2013 Acura RDX
Date Posted: July 19, 2012
By Zack Spencer
Acura has produced the best overall value in the luxury compact crossover segment.
Being early to any market has its advantages and drawbacks. Acura helped develop the compact luxury crossover market with the introduction of the RDX, roughly the same time that BMW introduced the X3. Since the middle of the last decade this very popular segment has exploded with entries like the Mercedes GLK, Audi Q5, Volvo XC-60, to name a few, and these products benefited from Acura and BMW's pioneering efforts. As the years marched on the RDX lost a bit of its early glory, the turbocharged 4-cylinder engine used more fuel than the competitors and the rather choppy ride was out of step with the more refined newcomers. For 2013 Acura has introduced an all-new RDX, based on the same platform as the immensely popular Honda CR-V. It offers more power, uses less fuel, caries more stuff and produces a wonderful all around luxury feel. It might just be the best compact luxury crossover, offering a lot of value for money.
One of the major knocks against the older RDX was the awkward styling. In a review, from just last year, I referred to the outgoing model as a Pug-- so ugly it's cute. With this new model and each of their new products, Acura has taken the opportunity to refine the brands look. The front grille has been toned down, the oversized fenders have been smoothed and the overall design is much more conservative and pleasing. The base of the RDX is a good one, the all-new CR-V. The longer wheelbase and wider track offer a bigger cabin and more cargo and opens up this RDX to many families who want a compact crossover but also a bit more luxury. What Acura provides over the German competition is value. It starts at roughly the same low $40,000 range but offers 18-inch alloy wheel, HID headlights, keyless entry with pushbutton start and many more features for $40,990. The $43,990 Tech model seen here includes a power lift gate and many more interior goodies.
Acura has done a great job of packaging their larger MDX crossover and now this new RDX. There are essentially two trim levels. The base model comes with standard leather seats, which are power and heated up front. The stereo has Bluetooth connectivity and can also read out incoming text messages to reduce driver distraction and a backup camera is standard. The $3000 more for the Tech package includes a larger centre screen, voice activated navigation system, a more powerful stereo and automatic climate control, along with the already mentioned power lift gate. All RDX models come with the same flip down rear seats found in the CR-V. With the pull of a button the rear-seat bottoms flip up and the seat backs fold down, making the cargo area a snap to utilize. Front passengers are welcomed by first-rate materials on the dash, with a big centre control system and extra padding compared to the less expensive CR-V. The size of the RDX is what will make this vehicle most attractive, offering more space than many of the competition with more cargo space and a big back seat.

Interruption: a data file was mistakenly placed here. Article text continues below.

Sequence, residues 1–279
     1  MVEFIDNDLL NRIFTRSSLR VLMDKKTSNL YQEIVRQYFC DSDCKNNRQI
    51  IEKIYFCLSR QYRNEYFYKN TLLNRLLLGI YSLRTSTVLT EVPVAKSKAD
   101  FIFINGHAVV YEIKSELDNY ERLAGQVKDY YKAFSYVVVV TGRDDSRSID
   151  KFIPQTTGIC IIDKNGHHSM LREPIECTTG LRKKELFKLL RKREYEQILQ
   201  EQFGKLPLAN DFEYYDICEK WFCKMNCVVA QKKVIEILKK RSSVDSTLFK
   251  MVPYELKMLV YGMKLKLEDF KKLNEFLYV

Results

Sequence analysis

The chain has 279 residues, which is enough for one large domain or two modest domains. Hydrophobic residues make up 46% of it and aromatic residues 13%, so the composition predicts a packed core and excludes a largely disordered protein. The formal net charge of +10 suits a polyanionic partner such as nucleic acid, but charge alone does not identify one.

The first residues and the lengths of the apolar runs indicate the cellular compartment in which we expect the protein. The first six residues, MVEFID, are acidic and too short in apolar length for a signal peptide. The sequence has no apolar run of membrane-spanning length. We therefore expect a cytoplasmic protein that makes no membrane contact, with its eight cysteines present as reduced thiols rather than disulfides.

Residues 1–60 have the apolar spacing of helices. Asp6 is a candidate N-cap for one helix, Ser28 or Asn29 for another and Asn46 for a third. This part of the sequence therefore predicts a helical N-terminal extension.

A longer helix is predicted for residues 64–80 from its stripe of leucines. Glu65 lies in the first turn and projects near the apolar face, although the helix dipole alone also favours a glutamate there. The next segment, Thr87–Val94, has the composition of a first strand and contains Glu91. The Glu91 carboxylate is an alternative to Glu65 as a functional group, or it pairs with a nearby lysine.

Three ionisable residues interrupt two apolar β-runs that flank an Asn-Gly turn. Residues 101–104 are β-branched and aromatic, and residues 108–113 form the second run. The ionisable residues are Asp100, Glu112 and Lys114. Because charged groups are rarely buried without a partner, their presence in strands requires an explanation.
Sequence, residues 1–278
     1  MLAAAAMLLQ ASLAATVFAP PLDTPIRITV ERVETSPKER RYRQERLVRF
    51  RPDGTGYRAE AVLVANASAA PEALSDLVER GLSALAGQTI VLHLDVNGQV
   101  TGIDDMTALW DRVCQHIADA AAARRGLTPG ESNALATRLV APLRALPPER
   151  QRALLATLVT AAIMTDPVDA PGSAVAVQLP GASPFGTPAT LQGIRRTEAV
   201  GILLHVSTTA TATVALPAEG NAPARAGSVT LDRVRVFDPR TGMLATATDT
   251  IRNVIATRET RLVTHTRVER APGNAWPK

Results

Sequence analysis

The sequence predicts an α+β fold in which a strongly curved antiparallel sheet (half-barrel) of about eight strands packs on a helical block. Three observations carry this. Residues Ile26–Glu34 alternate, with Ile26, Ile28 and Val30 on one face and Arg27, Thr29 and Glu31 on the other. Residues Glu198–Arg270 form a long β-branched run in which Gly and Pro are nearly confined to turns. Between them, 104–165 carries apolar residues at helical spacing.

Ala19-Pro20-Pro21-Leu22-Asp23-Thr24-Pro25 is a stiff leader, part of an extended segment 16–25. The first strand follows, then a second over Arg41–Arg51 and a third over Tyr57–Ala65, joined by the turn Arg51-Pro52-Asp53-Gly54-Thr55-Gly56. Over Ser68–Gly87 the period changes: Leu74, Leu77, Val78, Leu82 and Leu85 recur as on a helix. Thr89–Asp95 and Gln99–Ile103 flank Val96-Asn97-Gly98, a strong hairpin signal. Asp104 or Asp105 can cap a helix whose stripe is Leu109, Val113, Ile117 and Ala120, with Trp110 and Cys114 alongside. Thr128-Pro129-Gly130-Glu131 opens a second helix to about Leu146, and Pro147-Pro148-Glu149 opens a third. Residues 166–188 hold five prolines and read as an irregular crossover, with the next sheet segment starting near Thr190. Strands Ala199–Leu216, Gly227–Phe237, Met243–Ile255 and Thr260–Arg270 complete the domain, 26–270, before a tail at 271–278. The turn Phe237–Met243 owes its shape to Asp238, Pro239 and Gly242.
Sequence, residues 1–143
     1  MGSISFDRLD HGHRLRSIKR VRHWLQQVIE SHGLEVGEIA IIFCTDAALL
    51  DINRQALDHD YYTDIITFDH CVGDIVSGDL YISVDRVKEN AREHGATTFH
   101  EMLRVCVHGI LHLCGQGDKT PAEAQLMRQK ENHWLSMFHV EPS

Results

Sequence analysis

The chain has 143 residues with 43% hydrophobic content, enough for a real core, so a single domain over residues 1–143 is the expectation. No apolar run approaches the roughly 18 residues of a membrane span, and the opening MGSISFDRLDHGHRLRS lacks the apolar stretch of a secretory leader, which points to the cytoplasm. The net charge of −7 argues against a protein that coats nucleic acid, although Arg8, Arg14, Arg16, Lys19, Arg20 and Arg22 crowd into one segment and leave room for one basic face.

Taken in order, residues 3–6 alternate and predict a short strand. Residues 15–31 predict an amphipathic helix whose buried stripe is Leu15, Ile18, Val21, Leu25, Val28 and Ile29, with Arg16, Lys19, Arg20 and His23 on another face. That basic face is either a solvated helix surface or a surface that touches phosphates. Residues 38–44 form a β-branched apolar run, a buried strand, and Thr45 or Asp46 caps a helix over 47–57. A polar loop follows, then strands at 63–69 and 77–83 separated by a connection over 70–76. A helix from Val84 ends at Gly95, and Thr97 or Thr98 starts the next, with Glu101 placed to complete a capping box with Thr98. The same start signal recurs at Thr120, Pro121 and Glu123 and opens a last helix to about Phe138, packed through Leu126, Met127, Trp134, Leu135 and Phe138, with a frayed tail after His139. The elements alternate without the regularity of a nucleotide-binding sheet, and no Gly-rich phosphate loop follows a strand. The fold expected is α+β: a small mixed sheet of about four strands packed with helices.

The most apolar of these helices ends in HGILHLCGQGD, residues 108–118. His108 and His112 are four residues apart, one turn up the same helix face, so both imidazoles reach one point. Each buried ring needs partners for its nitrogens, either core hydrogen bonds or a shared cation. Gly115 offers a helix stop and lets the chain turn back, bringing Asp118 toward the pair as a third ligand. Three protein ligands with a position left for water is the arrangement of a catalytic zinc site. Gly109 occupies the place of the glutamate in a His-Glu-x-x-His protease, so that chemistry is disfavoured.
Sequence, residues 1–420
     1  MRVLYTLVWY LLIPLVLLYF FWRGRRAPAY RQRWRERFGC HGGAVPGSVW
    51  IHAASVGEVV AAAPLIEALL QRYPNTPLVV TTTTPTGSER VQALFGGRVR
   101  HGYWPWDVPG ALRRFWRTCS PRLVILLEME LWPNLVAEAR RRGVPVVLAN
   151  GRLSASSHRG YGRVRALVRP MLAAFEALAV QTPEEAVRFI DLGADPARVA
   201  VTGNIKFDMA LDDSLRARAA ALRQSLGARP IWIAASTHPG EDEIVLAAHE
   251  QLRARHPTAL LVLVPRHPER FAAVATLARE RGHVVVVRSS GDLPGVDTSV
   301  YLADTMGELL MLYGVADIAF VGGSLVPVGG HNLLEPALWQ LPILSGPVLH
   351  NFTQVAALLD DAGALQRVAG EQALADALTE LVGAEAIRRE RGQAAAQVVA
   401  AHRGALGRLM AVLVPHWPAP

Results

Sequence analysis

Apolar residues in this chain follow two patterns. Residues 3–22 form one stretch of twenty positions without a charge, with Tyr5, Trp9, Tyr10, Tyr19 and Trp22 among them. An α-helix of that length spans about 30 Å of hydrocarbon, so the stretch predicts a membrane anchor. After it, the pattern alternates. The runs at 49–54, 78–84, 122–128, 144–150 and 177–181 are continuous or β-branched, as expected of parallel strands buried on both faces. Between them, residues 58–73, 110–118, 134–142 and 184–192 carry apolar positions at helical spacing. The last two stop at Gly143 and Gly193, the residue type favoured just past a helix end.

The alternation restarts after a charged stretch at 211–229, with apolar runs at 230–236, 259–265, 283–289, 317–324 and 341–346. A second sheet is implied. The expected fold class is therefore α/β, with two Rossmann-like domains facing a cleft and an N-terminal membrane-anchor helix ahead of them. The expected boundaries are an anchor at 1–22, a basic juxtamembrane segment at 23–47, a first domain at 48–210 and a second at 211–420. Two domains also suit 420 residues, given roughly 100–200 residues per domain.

The original RDX was equipped with a turbocharged 4-cylinder motor that had the potential to produce exhilarating performance but was burdened with turbo lag. For 2013 Acura has fitted their very versatile 3.5L V6, which makes the RDX much more drivable in day-to-day situations. Power is rated at 273hp, which is much more than the Audi Q5 (211hp), BMW X3 (258) and less than the new 302hp Mercedes GLK. Not only does this motor offer more power it also uses less fuel but still requires premium gas. The older RDX was tuned for performance, which was fun but not easy to live with. The ride was choppy; passengers felt every crack in the pavement. To improve the ride, this new more rigid RDX and fitted with a more forgiving suspension and more sound insulation. The AWD system is borrowed from the CR-V, replacing the more advanced Super Handling All Wheel Drive, which provided more aggressive cornering. This new setup still lets the driver have control they require in winter conditions but doesn't reward the pure driving enthusiast.
Acura knows who buys compact luxury crossovers. There are two camps, the more aggressive performance buyer, who will be attracted to the BMX X3 and the rest of the market. By making the RDX an easier vehicle to live with, they will sell many more. The power is an improvement, the styling is vastly updated and the space offered is at the top of the class. I've been on record, calling the larger MDX the best all around value in the mid-sized luxury crossover market. Acura has taken that same approach to this RDX, putting together a blend of comfort and luxury that will appeal to a very wide market. If you are shopping for a BMW, Audi, Infiniti or Volvo, do yourself a favour and try the RDX, it offers a lot for less.
The Good, The Bad
Great packaging, power and space
Some might find this new RDX a bit too bland.
Power: 3.5 V6with 273hp
Fill-up: 11.0L/7.0L/100km (city/highway)
Sticker price: $40,990-$43,990